Science of Shampoo
There are as many shampoos as there are types of hair…
Whatever it looks like, a shampoo should wash, enhance, care for and treat both the hair and the scalp. A head of hair is made up of approximately 120,000 hairs.
A length of 25 cm represents about 8 m2 of surface area. It is a shampoo’s job to clean this surface area in just a few minutes.
The outside of a hair, called the cuticle, is composed of overlapping scales, like the shingles on a roof. Dirt clings to these waterproof shingles.
Washing a hair means wetting the hair fiber and coating and emulsifying the dirt to eliminate it. Only surface agents are capable of this feat.
Therefore, a shampoo’s ability to wash has nothing to do with how it lathers lather.
To formulate a classic shampoo: while stirring, pour together surface agents, preservatives, silicone, and pearl-based fatty substances that will cover the hair fiber to encourage detangling and increase the hair’s shine; then add thickener, aromas and a pinch of salt.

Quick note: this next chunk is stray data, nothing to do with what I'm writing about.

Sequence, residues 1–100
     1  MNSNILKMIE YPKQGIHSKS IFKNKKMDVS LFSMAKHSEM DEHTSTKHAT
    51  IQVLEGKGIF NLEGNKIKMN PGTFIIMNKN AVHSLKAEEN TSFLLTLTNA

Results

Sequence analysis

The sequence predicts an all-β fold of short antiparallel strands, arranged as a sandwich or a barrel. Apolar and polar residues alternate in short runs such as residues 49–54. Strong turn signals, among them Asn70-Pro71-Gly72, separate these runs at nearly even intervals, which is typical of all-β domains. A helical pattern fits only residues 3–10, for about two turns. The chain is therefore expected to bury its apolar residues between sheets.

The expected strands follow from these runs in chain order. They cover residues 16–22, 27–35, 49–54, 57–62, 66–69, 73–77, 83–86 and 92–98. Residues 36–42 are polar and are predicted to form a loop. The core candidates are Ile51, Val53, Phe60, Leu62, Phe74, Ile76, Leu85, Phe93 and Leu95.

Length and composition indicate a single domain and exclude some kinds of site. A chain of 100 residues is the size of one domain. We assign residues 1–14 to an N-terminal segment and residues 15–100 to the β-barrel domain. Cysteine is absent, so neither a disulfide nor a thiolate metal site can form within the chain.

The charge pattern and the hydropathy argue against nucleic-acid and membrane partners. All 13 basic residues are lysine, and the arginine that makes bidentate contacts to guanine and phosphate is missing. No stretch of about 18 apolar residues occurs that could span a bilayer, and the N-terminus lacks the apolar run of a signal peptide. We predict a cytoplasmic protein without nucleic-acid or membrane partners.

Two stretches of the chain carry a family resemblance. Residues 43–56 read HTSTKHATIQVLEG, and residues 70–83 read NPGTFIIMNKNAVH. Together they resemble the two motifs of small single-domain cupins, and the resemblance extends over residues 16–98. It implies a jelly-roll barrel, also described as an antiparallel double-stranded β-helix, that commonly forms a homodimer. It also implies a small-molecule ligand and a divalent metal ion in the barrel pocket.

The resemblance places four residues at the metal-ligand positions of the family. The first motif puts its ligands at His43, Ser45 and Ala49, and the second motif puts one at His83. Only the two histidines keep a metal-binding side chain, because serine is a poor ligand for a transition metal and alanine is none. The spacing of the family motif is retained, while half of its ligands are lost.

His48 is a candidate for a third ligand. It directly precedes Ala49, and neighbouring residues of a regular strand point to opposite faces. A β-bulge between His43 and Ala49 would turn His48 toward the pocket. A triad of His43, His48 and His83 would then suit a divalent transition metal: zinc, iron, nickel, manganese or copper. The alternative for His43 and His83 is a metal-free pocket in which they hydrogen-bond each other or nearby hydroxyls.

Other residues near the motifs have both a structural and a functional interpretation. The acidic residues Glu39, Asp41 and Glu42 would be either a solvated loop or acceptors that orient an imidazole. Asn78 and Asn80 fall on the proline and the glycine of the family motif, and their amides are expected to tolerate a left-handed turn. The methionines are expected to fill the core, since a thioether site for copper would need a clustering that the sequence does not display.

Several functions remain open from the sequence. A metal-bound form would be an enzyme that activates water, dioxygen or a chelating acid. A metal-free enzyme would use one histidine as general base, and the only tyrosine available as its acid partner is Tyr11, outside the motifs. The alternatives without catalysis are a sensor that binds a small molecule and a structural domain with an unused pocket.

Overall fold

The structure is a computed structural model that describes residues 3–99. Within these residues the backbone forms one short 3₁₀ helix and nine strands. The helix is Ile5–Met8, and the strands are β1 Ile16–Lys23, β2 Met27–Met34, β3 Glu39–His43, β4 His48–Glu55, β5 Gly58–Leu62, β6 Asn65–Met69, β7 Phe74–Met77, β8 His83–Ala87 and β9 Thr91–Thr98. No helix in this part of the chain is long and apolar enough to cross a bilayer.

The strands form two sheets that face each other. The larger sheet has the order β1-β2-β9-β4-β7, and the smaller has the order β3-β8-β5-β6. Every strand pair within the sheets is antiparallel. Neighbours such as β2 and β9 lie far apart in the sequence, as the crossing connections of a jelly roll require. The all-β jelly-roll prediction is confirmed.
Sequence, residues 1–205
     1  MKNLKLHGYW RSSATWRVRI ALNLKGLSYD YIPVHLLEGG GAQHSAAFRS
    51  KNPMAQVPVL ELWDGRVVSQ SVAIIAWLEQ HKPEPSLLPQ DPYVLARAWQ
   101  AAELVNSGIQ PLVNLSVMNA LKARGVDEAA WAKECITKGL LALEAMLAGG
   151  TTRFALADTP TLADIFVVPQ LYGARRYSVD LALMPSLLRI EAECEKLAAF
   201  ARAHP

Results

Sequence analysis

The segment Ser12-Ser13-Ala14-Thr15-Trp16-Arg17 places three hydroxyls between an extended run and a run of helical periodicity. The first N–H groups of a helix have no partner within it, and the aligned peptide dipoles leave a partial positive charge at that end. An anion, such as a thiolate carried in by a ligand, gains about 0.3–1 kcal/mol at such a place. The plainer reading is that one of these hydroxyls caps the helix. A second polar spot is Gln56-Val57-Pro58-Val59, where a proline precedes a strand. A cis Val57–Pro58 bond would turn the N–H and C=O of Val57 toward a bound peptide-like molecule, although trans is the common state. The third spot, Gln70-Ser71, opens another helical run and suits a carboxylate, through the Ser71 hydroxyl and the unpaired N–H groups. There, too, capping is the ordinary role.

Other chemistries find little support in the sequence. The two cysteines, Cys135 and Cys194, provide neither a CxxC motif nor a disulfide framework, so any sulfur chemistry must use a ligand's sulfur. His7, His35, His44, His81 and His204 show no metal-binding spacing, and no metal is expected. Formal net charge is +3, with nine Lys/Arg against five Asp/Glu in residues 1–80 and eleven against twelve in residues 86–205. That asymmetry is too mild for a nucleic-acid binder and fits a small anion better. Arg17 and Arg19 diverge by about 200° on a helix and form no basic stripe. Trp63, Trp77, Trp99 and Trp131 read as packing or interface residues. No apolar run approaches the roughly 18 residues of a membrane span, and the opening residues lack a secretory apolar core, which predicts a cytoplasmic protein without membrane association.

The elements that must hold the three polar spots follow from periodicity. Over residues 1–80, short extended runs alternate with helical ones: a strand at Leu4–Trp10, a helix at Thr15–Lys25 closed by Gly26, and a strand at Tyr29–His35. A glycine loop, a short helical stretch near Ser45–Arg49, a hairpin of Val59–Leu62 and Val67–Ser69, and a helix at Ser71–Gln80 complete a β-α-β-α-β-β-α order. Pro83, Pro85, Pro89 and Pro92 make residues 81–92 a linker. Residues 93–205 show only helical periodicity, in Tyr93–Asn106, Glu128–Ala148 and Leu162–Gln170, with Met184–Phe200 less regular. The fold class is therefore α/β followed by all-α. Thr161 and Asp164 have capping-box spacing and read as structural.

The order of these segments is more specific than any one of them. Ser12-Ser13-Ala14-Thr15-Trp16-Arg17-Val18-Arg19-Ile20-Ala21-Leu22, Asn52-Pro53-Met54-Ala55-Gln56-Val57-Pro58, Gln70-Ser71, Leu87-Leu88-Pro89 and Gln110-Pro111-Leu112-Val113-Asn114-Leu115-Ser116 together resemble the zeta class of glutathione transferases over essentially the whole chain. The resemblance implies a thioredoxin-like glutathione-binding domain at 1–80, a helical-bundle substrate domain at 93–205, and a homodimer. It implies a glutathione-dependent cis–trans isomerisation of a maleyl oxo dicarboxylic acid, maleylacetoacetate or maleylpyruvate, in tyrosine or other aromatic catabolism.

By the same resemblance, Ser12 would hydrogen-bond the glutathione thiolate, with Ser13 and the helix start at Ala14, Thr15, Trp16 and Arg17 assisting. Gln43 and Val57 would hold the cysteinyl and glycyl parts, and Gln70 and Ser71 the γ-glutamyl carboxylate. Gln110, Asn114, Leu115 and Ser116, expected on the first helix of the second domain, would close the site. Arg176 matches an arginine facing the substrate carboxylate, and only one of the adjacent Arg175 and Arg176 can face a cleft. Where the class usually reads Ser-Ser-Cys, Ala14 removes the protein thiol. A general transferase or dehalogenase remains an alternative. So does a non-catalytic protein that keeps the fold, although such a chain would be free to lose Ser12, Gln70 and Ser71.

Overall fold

As many additives that will improve the smoothness, soothingness and stability of the lather. The rest is water.
Once the shampoo’s is complete, L’Oréal researchers analyze it to check is physicochemical properties.
They next study the shampoo’s performance on hair: shine, resistance, ability to detangle.
The ultimate verdict will come from use.
The word “shampoo”, meaning massage and penetrate, comes from Hindi. So don’t forget to massage it in, and let the science fade away.